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Commentary By Beth Akers

Congress Should Support Year-Round Pell Grants

Education Higher Ed

During a meeting last week with presidents from historically black colleges and universities, House Speaker Paul Ryan suggested that he would be in favor of a return to year-round Pell Grants. It comes after President Trump and Education Secretary Betsy DeVos made overtures to HBCU leaders, and earlier statements from DeVos suggesting support for Pell Grant flexibility.

Pell Grants, which are the primary mechanism for using federal dollars to subsidize college enrollment, were originally designed to be disbursed per a traditional two-semester per academic year schedule. This meant students who wished to complete their degrees more quickly than the traditional schedule, by taking courses in summer, would have to finance that enrollment without the help of Pell Grants. Obviously, this creates the perverse incentive for students to progress through their degrees more slowly than they otherwise would.

The problem was addressed in the 2007 reauthorization of the Higher Education Act, which had provisions which created a year-round Pell Grant program. However, just two short years later, the program was cut in President Obama’s 2011 budget. The rationale for this change has never been entirely clear, but it was almost certainly driven by a need to cut costs. Those unfamiliar with federal budget accounting might ask why allowing students to take aid on a more accelerated schedule would result in any additional cost relative to the status quo. 

But since year-round Pell essentially pulls future government expenses closer to the present day, it also increases the annual budget in a macro sense even though the spending on any single student would not be any larger.

The short life of the year-round Pell Grant program make it difficult to estimate the impact of its elimination, but some evidence suggest that the introduction of year-round Pell Grants had a significant impact on enrollment.  One study by the Council for the Study of Community Colleges indicates that the introduction of summer funding boosted enrollment at some Community Colleges by as much as 15 percent.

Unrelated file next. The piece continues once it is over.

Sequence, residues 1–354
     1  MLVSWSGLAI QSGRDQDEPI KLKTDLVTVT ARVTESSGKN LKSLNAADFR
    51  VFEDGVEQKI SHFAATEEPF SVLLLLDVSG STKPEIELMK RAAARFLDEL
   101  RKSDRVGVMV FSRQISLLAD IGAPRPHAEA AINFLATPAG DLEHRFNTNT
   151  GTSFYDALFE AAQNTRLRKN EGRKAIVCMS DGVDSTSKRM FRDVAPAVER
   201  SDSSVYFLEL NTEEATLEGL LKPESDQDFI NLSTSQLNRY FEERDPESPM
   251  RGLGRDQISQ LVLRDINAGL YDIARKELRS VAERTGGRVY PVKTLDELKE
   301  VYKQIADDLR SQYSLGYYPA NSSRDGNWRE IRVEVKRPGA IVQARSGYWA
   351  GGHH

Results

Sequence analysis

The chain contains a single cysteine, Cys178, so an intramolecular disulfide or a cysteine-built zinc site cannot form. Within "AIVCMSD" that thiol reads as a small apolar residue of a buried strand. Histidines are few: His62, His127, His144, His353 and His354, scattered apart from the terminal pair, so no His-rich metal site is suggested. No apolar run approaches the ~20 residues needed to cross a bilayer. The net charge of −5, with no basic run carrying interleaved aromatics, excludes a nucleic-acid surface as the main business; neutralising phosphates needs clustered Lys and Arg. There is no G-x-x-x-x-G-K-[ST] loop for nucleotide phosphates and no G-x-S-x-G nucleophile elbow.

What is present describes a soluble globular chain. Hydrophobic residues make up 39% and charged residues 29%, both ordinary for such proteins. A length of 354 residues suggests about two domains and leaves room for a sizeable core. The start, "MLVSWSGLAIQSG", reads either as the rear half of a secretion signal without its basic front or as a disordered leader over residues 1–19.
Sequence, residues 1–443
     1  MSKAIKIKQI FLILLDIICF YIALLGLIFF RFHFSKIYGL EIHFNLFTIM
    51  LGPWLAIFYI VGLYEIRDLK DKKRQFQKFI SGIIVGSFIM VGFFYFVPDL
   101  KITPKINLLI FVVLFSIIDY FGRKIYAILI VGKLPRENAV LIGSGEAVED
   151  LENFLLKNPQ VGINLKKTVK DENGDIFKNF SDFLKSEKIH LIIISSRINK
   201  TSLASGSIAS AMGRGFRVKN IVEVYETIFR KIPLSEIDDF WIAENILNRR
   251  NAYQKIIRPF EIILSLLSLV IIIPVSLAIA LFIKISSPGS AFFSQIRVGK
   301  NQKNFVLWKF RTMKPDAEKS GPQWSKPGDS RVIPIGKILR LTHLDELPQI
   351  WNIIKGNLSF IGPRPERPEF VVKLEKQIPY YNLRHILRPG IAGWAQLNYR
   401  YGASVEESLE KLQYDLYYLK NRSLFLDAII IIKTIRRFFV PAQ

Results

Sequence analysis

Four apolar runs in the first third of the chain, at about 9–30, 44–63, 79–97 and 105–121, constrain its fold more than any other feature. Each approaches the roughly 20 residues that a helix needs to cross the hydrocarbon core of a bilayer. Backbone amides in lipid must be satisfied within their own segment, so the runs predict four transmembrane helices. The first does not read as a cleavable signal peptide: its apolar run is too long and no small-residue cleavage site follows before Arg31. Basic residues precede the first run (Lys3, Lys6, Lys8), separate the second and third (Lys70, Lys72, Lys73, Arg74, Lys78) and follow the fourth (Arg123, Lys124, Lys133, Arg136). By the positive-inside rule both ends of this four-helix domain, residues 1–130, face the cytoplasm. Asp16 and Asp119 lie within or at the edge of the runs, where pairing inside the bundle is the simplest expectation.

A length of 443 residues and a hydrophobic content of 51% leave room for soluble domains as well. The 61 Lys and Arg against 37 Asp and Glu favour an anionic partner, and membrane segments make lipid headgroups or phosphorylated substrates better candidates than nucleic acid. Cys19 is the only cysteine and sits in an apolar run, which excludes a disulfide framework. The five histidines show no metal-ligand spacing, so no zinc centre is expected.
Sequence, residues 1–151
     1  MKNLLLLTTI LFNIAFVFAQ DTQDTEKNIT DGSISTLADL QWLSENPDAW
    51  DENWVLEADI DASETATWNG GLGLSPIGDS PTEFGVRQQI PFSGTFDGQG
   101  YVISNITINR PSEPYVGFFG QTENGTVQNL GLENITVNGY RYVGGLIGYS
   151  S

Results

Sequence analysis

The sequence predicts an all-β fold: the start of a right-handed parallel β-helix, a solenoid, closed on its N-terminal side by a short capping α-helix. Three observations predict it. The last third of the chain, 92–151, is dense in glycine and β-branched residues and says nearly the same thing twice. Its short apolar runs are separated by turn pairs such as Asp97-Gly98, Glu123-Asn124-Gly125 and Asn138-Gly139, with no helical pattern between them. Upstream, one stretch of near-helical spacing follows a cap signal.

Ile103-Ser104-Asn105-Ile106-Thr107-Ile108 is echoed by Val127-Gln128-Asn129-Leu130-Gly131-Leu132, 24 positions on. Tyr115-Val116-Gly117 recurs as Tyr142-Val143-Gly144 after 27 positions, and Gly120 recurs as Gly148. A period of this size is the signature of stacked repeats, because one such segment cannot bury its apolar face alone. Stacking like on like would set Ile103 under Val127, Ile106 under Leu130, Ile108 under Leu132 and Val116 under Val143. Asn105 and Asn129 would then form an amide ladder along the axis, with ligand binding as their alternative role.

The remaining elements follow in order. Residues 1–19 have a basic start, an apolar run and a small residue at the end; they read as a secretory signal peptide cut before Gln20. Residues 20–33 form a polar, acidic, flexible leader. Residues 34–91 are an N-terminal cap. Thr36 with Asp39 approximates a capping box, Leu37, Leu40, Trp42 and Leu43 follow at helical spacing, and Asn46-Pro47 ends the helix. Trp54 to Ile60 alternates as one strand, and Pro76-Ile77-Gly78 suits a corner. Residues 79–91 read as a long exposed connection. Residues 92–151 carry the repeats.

The current system of federal intervention in higher education is largely based on the traditional college experience. And the Pell Grant Program is no exception. The problem with this is that students who are keen on the less than traditional experience of an accelerated path to graduation must pay a huge premium to do so.

While some students may find productive and pleasant ways to spend summer vacations from higher education, others see pauses in enrollment as an unnecessary delay in them reaching the economic benefits that come from completing their degree.

Allowing students to accelerate their enrollment to complete a degree more quickly seems like a no brainer. And many institutions have created the course availability to make that a viable option for students, particularly at community colleges. The elimination of year-round Pell has made even this obvious step in the right direction an impossibility for many students. Federal oversight of higher education is critical but also difficult to do perfectly.

However, we need to be more careful about making changes like this one that step on innovations like accelerated enrollment that have the potential to help the students who need it the most.

In addition to being bad policy, elimination of year-round Pell was also false economy. Not only are the budgetary implication of year-year Pell Grants misguiding, they also overlook the advantages of getting through their degrees more quickly. The longer that it takes a student to complete their degree, the more that can get in the way of them ever crossing the finish line. Eliminating year-round Pell Grant eligibility pushed students toward a slower pathway to degree but may also be reducing their chances of ever achieving the benefits associated with degree completion.

Reinstating year-round Pell Grants has been on and off the agenda since it was eliminated. New proposals do not differ greatly from the eliminated program, but they don’t need to. Despite many arguments to the contrary, and as education policy experts Jason Delisle and Ben Miller point out in their report on the subject, “there was never a fatal flaw” with the year-round Pell Grant program.

Reinstating year-round Pell Grants may appear expensive, at least in a budgetary sense, but it is the right thing to do. Helping students get through college who might not have done so without additional support is the right place to spend federal tax dollars in higher education.

This piece originally appeared at The Hill


Beth Akers is a senior fellow at the Manhattan Institute and coauthor of "Game of Loans: The Rhetoric and Reality of Student Debt."

This piece originally appeared in The Hill